The literary eclipse of Cardijn

Today, here are several more Ngraph Viewer comparisons of references in the literature (Google Books) to Cardijn and to several of his Vatican II contemporaries, including Helder Camara, Cardinal Suenens, Congar, Chenu as well as Opus Dei founder Josemaria Escriva de Balaguer.

The first chart compares the frequency of English language book references to Cardijn and Brazil’s Dom Helder Camara, a Cardijn disciple and a YCW chaplain in his youth:

The chart shows clearly how references to Cardijn peak during the 1950s, a critical period in the preparation for Vatican II. References to Camara, however, begin to multiply during the course of the Council and soars afterwards into a massive peak – far higher than Cardijn ever achieved – during the 1970s.

The Spanish language chart is also similar:

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Here’s another comparison between Cardijn and his ‘rival’ at Vatican II, Cardinal Léon-Joseph Suenens. This is the English language graph:

It’s notable to see that the number of references to Suenens begins to multiply in the mid-1950s, following the publication of his first early books. He reaches his peak during the Council years and just after.

The French language graph is similar but with another peak after Suenens’ death in 1996:

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Now here’s the English language chart comparing Cardijn with two more of his disciples, namely the great Dominican theologians, Yves Congar and MD Chenu:

And the French chart:

We can see how Congar overtakes Cardijn in the post-World War II period. Then, following a slump during the 1950s, which corresponds with the period in which his theological writings were on the Vatican blacklist, Congar begins an upward trajectory, which in French has continued to this day, particularly since his death in 1995.

Similarly, though on a smaller scale with Chenu.

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Another interesting comparison is between Cardijn and Monsignor (now Saint) Josemaria Escriva de Balaguer, the founder of Opus Dei, the Spanish-founded more conservative lay apostolate movement. Here is the English graph:

Cardijn is clearly the figure of reference during the period from the 1930s to the 1950s.

Strikingly, the Cardijn and Escriva graphs parallel each other – both declining – during the 1960s Vatican II period. But whereas Cardijn virtually disappears off the scale following his death in 1967, Escriva enjoyed a huge boom in popularity, coinciding with the campaign leading up to his canonisation, although he has now fallen away.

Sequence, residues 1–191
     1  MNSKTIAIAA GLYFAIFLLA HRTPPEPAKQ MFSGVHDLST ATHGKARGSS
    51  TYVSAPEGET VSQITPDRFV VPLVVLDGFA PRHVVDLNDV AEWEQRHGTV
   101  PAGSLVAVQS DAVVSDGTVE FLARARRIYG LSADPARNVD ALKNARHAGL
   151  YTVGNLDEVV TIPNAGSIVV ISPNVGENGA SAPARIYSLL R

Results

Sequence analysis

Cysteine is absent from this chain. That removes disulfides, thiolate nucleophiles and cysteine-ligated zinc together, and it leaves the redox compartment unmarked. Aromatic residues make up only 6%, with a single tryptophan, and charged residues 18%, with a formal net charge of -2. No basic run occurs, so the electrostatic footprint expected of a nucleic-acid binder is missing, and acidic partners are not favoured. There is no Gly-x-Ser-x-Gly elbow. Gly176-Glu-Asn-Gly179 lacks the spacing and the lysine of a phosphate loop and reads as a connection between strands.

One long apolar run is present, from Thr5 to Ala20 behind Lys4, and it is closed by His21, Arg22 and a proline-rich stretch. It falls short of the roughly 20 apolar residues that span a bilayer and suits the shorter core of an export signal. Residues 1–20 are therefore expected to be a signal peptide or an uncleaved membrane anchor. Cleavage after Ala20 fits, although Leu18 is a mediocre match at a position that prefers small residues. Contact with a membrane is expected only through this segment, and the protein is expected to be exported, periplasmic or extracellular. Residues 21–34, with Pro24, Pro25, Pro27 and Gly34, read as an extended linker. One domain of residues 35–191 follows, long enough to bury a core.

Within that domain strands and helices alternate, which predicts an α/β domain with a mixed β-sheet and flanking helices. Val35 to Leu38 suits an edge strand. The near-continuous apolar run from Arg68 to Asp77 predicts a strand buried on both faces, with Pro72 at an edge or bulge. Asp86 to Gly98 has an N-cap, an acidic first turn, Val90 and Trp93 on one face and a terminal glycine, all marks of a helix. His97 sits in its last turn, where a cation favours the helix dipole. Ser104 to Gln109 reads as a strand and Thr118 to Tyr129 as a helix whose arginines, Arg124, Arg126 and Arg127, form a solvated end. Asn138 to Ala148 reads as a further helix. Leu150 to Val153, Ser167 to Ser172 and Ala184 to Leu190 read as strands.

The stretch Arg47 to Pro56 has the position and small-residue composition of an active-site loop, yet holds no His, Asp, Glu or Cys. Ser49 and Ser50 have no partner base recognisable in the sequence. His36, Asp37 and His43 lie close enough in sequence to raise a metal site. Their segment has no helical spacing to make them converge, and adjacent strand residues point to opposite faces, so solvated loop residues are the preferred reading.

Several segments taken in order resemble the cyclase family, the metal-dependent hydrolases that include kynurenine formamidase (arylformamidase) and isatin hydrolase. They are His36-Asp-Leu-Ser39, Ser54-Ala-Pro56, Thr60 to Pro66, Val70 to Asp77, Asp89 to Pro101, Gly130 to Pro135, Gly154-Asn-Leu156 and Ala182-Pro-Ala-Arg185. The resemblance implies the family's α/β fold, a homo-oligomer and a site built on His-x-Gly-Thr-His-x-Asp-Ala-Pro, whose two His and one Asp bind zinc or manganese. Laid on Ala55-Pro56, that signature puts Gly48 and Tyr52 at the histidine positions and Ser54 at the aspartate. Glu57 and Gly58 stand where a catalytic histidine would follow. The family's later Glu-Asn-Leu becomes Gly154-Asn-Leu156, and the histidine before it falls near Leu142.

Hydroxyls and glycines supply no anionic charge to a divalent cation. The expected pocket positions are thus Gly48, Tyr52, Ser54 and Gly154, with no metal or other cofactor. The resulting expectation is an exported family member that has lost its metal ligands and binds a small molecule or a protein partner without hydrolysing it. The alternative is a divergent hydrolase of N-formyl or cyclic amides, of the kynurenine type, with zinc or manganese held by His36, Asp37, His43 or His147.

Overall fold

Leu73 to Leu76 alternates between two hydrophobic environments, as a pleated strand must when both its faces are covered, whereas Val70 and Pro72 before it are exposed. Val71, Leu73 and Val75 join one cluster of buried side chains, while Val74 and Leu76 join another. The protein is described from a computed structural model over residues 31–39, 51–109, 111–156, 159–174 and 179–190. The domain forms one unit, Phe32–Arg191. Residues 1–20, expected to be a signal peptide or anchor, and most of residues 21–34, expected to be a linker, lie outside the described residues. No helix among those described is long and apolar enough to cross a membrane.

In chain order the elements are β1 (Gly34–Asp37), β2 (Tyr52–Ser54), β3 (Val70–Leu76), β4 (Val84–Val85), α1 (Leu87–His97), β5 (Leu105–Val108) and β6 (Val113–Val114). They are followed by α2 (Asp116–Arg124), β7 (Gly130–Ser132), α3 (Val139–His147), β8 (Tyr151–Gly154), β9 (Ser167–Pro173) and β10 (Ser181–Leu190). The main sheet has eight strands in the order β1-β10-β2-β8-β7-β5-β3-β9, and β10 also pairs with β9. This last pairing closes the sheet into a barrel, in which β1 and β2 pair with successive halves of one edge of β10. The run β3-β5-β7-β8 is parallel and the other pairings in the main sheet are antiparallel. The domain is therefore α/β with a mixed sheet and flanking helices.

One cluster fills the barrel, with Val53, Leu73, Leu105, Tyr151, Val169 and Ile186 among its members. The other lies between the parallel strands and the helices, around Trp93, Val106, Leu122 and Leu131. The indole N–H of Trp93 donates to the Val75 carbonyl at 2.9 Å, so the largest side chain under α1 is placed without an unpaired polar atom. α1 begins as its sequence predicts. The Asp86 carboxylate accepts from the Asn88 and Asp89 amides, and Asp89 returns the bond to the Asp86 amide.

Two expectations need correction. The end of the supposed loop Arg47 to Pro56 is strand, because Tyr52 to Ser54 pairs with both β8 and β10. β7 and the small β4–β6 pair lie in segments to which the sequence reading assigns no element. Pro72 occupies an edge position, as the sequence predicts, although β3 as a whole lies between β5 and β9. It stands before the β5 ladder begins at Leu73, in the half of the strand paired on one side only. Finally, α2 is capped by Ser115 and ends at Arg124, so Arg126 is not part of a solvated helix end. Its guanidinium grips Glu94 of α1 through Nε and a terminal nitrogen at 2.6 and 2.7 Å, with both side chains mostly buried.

It’s also interesting to compare the English graph with the Spanish language graph, Spanish being Escriva’s native language:

Intriguingly, the number of references to Cardijn in the world of Hispanic books mostly exceeds the number of references to Escriva. Unfortunately, the Ngraph Viewer does not distinguish between books published in Spain and in Latin America. I suspect, however, that it is Cardijn’s influence in Latin America that gives him greater prominence than Escriva.

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What to conclude from these graphs?

Certainly, it’s no surprise that men who came to prominence during Vatican II should continue to be cited in the post-conciliar literature.

It’s also a fact that Camara, Suenens, Congar, Chenu and Escriva all published numbers of books during their lifetimes, whereas Cardijn, as he himself noted (lamented?), only published one, namely his Laymen into Action.

For the most part, Cardijn’s writings appeared in publications of the YCW (leaders’ and chaplains’ bulletins, etc.) as well as in various other magazines. By definition these are much more ephemeral.

Moreover, there’s no overlooking the fact that none of these articles have been republished in significant editions since his death in 1967.

These facts help to explain Cardijn’s virtual disappearance from the literature following his death, particularly in comparison to others.

On the other hand, it is striking that Suenens, Congar, Chenu and Escriva all got a boost in literary references after their deaths.

In any event, there’s still a lot of explaining to be done concerning this eclipse of Cardijn.